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Monday, September 30, 2013

The World Is Round - Re-released!

I just got an e-mail today from HarperCollins letting me know that a facsimile edition of Gertrude Stein’s only children’s book, The World is Roundis due out in October. If you've never read Ariel Winter's write up on it on his blog We Too Were Children, you are in for a treat! He includes wonderful photos of the original limited edition released at publication. Just fabulous! 

Anyways, illustrated by Clement Hurd, the beloved illustrator of Goodnight Moon and The Runaway Bunny, this edition is being released to coincide with the 75th anniversary of its publication.  

From the publisher:

Written in Stein’s unique prose style, The World is Round tells the story of a young girl named Rose, who contemplates who, what, and, why she is, often expressing herself through rhyme and song. Although published as a children’s story, the book is a literary work for adults, too, as Stein focuses on themes of individualism and personal identity. As with many of her writings, Stein plays with words and language throughout the book, incorporating her most famous line, “Rose is a rose is a rose is a rose,” several times in the story.

The book also features:
  •  a foreword by Clement Hurd’s son
  • numerous correspondence between Stein and Hurd during their collaboration on this work
  • an essay by Edith Thacher Hurd, Clement Hurd’s wife, entitled “The World Is Not Flat,” which tells the behind-the-scenes story of the making of the book

I, for one, can NOT Wait!

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Wednesday, September 25, 2013

Guest Post: The Lonely Doll Learns a Lesson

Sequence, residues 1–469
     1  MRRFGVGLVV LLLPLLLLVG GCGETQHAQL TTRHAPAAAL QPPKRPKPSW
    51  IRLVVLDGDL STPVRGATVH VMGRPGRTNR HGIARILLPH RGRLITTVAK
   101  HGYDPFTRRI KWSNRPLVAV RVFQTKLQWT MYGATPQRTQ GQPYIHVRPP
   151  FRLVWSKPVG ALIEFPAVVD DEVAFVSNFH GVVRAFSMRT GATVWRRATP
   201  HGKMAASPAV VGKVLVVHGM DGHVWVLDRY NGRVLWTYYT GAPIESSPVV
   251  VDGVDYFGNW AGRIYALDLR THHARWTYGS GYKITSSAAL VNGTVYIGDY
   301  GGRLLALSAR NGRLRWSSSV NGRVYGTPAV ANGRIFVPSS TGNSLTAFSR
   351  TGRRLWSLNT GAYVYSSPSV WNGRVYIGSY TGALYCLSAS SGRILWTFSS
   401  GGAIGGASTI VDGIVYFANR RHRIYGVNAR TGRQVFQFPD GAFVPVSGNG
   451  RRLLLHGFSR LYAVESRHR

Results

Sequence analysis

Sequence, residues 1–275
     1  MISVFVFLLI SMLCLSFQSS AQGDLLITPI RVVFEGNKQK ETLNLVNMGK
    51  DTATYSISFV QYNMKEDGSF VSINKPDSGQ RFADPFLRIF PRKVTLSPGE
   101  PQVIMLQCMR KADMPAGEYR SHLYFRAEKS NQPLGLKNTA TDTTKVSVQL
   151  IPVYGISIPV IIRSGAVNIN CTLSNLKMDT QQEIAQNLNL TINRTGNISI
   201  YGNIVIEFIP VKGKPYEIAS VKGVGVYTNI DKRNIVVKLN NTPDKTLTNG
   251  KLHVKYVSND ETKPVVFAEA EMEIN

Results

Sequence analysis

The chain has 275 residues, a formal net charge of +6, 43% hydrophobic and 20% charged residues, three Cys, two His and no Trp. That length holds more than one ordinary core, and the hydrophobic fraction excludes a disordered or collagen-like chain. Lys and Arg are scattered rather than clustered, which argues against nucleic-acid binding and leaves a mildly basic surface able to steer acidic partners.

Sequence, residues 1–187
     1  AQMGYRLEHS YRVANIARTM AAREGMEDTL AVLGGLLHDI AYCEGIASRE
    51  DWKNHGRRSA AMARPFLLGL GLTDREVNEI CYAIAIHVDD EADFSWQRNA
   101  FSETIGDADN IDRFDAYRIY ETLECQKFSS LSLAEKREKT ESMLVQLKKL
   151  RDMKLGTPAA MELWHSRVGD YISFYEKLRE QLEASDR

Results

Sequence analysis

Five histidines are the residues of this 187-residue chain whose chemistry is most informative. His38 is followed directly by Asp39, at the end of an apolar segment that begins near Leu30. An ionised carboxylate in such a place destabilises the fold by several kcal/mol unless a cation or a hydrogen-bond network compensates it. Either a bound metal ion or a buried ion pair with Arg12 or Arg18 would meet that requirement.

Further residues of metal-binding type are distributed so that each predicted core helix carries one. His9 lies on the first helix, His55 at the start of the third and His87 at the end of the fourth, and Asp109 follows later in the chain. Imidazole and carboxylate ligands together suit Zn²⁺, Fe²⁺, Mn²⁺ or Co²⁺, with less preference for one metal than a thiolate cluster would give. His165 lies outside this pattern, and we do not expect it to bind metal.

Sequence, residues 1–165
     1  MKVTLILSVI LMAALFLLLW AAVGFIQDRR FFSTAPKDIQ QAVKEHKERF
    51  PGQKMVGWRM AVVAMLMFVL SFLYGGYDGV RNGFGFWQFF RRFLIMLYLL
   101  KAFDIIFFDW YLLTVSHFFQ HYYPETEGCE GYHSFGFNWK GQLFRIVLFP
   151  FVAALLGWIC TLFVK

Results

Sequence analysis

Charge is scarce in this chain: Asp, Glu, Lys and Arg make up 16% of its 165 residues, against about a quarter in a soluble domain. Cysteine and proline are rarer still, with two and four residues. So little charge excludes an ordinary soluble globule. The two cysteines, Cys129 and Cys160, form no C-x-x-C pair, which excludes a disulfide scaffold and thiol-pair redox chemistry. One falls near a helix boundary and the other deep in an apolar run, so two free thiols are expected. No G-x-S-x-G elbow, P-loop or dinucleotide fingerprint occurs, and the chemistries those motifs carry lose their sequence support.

Back for one final post, again, help me in welcoming my good friend, fellow old book collector, and Etsy purveyor of all things vintage modern and awesome, Thingummery.

Dare Wright, Random House, 1961

It’s pretty hard to talk about Dare Wright’s Lonely Doll series without talking about Dare Wright. This isn't generally the case with children’s book authors. Though I’m always curious to read biographies of my favorites, I don’t actually need to know about the personal life of William Stieg or Margaret Wise Brown to appreciate their work. Dare Wright is a different story, because her stories—about a pretty, narcissistic doll and her surrogate family of Steiff stuffies—are so oddly beautiful, so unsettling and also share an uncanny resemblance to Wright’s own deeply unsettling, very sad life.

You can read the 2004 biography The Secret Life of the Lonely Doll by Jean Nathan for all the chilling details; I read the excerpt in Vanity Fair and then immediately bought the book, but I've never read the whole thing. It’s just too sad. The nutshell is that in 1917, Dare’s parents divorced when she was just three. Her father, a theater critic, moved from their home in Cleveland to NYC with her beloved older brother, leaving Dare alone to contend with her overbearing mother Edith, a society portrait painter. Oh, and Edith just happens to be the name of the titular Lonely Doll, who just happens to look exactly like Dare.